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The Environmental Performance of Firms: The Role of Foreign Ownership, Training, and Experience

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  • Matthew A Cole
  • Robert R J Elliott
  • Eric Strobl

Abstract

In this paper we extend the debate on the environmental implications of foreign direct investment in developing countries by examining a new mechanism through which foreign influence can affect the environmental performance of firms. We focus on the extent to which key workers who have had previous training or experience in a foreign owned firm transfer and utilise their knowledge gained to the benefit of the local environment. To this end we use detailed firm-level data on manufacturing firms in Ghana. Our econometric results sugggest that the foreign training of a firm's decision maker does reduce fuel use, particularly so in foreign owned firms. Foreign ownership per se does not influence fuel use or total energy use but is found to increase electricity use, perhaps the cleanest form of energy used by Ghanaian firms.

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Bibliographic Info

Paper provided by Department of Economics, University of Birmingham in its series Discussion Papers with number 07-08.

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Length: 28 pages
Date of creation: Aug 2007
Date of revision:
Handle: RePEc:bir:birmec:07-08

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Postal: Edgbaston, Birmingham, B15 2TT
Web page: http://www.economics.bham.ac.uk
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Keywords: Environment; Spillovers; FOreign Direct Investment;

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References

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Citations

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Cited by:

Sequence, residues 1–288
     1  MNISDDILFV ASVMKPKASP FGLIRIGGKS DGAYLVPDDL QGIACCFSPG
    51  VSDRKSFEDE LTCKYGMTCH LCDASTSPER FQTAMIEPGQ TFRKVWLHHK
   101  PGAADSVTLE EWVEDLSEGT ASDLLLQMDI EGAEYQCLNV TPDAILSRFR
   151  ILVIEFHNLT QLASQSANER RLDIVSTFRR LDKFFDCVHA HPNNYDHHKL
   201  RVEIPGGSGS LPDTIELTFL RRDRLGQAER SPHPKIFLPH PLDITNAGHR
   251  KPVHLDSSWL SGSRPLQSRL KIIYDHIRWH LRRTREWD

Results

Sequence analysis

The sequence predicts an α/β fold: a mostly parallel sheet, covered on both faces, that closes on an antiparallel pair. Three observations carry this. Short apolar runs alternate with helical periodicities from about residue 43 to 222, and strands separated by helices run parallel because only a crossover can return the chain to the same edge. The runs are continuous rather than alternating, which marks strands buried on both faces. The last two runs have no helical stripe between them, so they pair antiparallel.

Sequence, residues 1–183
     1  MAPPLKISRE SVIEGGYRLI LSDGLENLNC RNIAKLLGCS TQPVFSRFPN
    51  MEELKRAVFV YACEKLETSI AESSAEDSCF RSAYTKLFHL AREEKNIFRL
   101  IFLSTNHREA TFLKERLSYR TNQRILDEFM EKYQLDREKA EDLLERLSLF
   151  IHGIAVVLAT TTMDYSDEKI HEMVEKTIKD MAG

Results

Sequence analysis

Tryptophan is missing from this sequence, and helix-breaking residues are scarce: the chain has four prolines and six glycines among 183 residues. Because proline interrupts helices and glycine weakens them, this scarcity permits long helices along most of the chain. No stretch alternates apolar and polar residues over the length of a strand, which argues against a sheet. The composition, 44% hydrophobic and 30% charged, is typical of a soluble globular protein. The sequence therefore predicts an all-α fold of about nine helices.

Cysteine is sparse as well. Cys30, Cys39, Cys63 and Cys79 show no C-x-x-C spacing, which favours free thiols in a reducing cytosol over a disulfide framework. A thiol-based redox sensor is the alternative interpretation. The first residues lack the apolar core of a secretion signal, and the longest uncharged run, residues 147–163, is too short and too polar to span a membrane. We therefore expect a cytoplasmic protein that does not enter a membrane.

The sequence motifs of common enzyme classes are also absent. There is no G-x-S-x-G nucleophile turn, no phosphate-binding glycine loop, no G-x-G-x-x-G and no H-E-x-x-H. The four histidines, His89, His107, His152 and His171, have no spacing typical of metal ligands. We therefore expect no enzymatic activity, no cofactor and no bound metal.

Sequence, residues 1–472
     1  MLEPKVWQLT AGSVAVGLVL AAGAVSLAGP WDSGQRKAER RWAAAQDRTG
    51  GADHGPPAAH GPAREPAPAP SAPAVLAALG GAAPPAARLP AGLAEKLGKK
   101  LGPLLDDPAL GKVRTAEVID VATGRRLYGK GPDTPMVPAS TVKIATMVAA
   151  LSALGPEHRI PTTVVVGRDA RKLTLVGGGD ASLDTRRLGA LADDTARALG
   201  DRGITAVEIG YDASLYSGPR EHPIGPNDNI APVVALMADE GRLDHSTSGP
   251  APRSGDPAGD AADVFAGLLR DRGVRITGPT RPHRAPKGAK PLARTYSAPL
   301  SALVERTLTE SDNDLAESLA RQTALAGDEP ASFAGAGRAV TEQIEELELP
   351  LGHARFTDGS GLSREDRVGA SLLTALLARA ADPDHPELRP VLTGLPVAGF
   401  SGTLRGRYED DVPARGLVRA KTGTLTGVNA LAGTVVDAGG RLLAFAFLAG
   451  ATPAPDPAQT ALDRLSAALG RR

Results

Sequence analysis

1. Bagayev, Igor & Najman, Boris, 2014. "Money to fill the gap? Local financial development and energy intensity in Europe and Central Asia," MPRA Paper 55193, University Library of Munich, Germany.
  2. Cole, Matthew A. & Elliott, Robert J.R. & Okubo, Toshihiro & Zhou, Ying, 2013. "The carbon dioxide emissions of firms: A spatial analysis," Journal of Environmental Economics and Management, Elsevier, vol. 65(2), pages 290-309.
  3. Facundo Albornoz & Matthew A Cole & Robert J R Elliott & Marco G Ercolani, 2008. "In Search of Environmental Spillovers," Discussion Papers 08-03, Department of Economics, University of Birmingham.
  4. Elliott, Robert J.R. & Sun, Puyang & Chen, Siyang, 2013. "Energy intensity and foreign direct investment: A Chinese city-level study," Energy Economics, Elsevier, vol. 40(C), pages 484-494.
  5. Longoni, Annachiara & Golini, Ruggero & Cagliano, Raffaella, 2014. "The role of New Forms of Work Organization in developing sustainability strategies in operations," International Journal of Production Economics, Elsevier, vol. 147(PA), pages 147-160.
  6. Svetlana Batrakova & Ronald Davies, 2012. "Is there an environmental benefit to being an exporter? Evidence from firm-level data," Review of World Economics (Weltwirtschaftliches Archiv), Springer, vol. 148(3), pages 449-474, September.
  7. Teixeira, Adriano Alves & Jabbour, Charbel José Chiappetta & Jabbour, Ana Beatriz Lopes de Sousa, 2012. "Relationship between green management and environmental training in companies located in Brazil: A theoretical framework and case studies," International Journal of Production Economics, Elsevier, vol. 140(1), pages 318-329.
  8. Massimiliano Mazzanti & Davide Antonioli & Susanna Mancinelli, 2011. "Are Environmental Innovations Embedded within High-Performance Organizational Changes?," Working Papers 201115, University of Ferrara, Department of Economics.
  9. Lan, Jing & Munro, Alistair, 2013. "Environmental compliance and human capital: Evidence from Chinese industrial firms," Resource and Energy Economics, Elsevier, vol. 35(4), pages 534-557.
  10. Richard Perkins & Eric Neumayer, 2009. "How do domestic attributes affect international spillovers of CO2-efficiency?," Grantham Research Institute on Climate Change and the Environment Working Papers 8, Grantham Research Institute on Climate Change and the Environment.

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